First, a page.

To decide whether an agreement is illegal under Section 8(e), the Supreme Court classifies agreements as primary or secondary. NLRB v. Int'l Longshoremen's Ass'n, AFL-CIO, 473 U.S. 61, 78-79 (1985); see also Bermuda Container Line Ltd. v. Int'l Longshoremen's Ass'n, AFL-CIO, 192 F.3d 250, 256 (2d Cir. 1999). Under Section 8(e), primary agreements are generally lawful; secondary agreements, categorically, are not. See Int'l Longshoremen's, 473 U.S. at 78-79; Bermuda Container Line, 192 F.3d at 256. "The touchstone is whether the agreement or its maintenance is addressed to the labor relations of the contracting employer vis-à-vis his own employees." Nat'l Woodwork, 386 U.S. at 645. "'[I]f the object of the agreement is to benefit the employees of the bargaining unit represented by the union, it is "primary" and... does not fall within the proscription of § 8(e)....'" Bermuda Container Line, 192 F.3d at 256 (quoting A. Duie Pyle, Inc. v. NLRB, 383 F.2d 772, 776 (3d Cir. 1967) (footnote omitted)). If, however, "'the object [of the agreement] is the application of pressure on an outside employer in order to require [it] to accede to union objectives[,] it is "secondary" [in nature]'" and prohibited by Section 8(e). Id. (quoting A. Duie Pyle, 383 F.2d at 776).

One type of primary agreement (permissible under Section 8(e) if it meets certain criteria) is a "work preservation agreement." See Int'l Longshoremen's, 473 U.S. at 78-79. Such an agreement reserves to a union's members the jobs that they have performed historically. To determine whether a work preservation agreement is lawful under Section 8(e), courts consider whether an agreement:

(1) is "aimed at preserving work that union-represented employees in the bargaining unit traditionally perform," and

(2) is "directed at work over which the contracting employer has [a right of] control." Bermuda Container Line, 192 F.3d at 256 (citing NLRB v. ILA, 447 U.S. 490, 504-05 (1980)). Equity has bearing upon the second consideration; only an unoffending, neutral employer can effectively disclaim control. An employer may not engage in affirmative conduct that it "reasonably conclude[s] would conflict with [its] collective-bargaining obligations." Int'l Bhd. of Elec. Workers, Local Union No. 501, AFL-CIO, 216 N.L.R.B. 417, 417 (Jan. 31, 1975), enforced, 566 F.2d 348, 353 (D.C. Cir. 1977)).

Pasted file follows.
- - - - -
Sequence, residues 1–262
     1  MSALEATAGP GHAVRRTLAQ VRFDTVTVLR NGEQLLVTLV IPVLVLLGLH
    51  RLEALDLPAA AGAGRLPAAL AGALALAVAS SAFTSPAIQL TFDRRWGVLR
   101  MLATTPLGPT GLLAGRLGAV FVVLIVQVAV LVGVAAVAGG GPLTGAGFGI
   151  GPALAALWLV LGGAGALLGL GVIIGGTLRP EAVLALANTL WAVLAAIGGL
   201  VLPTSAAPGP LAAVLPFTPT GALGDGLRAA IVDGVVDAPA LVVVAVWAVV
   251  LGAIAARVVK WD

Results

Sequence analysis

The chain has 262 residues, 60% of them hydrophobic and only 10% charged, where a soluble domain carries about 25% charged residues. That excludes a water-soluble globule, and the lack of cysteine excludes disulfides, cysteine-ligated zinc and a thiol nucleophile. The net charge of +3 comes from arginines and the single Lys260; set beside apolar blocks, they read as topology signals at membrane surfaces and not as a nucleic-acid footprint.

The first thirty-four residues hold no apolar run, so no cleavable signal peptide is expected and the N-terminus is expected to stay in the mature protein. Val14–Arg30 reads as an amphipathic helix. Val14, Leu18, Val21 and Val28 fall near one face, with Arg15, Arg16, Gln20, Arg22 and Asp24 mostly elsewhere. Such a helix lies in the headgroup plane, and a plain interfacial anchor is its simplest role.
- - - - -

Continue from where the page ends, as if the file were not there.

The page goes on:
Here, it is clear enough that the Union seeks to preserve work that its members have traditionally performed. So the question is whether Peerless had a "right of control" over the disputed work. The Union argues that substantial evidence is lacking to support the NLRB's determination that: (1) Peerless "lost" its right of control over the movement of freight; (2) Peerless is an unoffending employer; and (3) the Union is attempting to force Peerless to cease doing business with Diageo.

"[W]e uphold the NLRB's finding of fact if supported by substantial evidence... and the NLRB's legal determinations if not 'arbitrary and capricious.'" Long Island Head Start Child Dev. Servs. v. NLRB, 460 F.3d 254, 257 (2d Cir. 2006) (citing Universal Camera Corp. V. NLRB, 340 U.S. 474, 477 (1951) and quoting Laborers' Int'l Union of N. Am., AFL-CIO, Local 104 v. NLRB, 945 F.2d 55, 58 (2d Cir. 2001)). Even if we disagree with the Board's factual conclusions, we may reverse on this basis only if, considering the record as a whole, "no rational trier of fact could reach the conclusion drawn by the Board." NLRB v. Albany Steel, Inc., 17 F.3d 564, 568 (2d Cir. 1994) (internal quotation marks omitted). We cannot "displace the Board's choice between two fairly conflicting views, even though [we] would justifiably have made a different choice had the matter been before [us] de novo." NLRB v. G & T Terminal Packaging, Co., 246 F.3d 103, 114 (2d Cir. 2001) (alterations in original) (quoting Universal Camera Corp., 340 U.S. at 488). "This court reviews the Board's legal conclusions to ensure that they have a reasonable basis in law. In so doing, we afford the Board 'a degree of legal leeway.'" NLRB v. Caval Tool Div., Chromalloy Gas Turbine Corp., 262 F.3d 184, 188 (2d Cir. 2001) (quoting NLRB v. Town & Country Elec., Inc., 516 U.S. 85, 89-90 (1995)).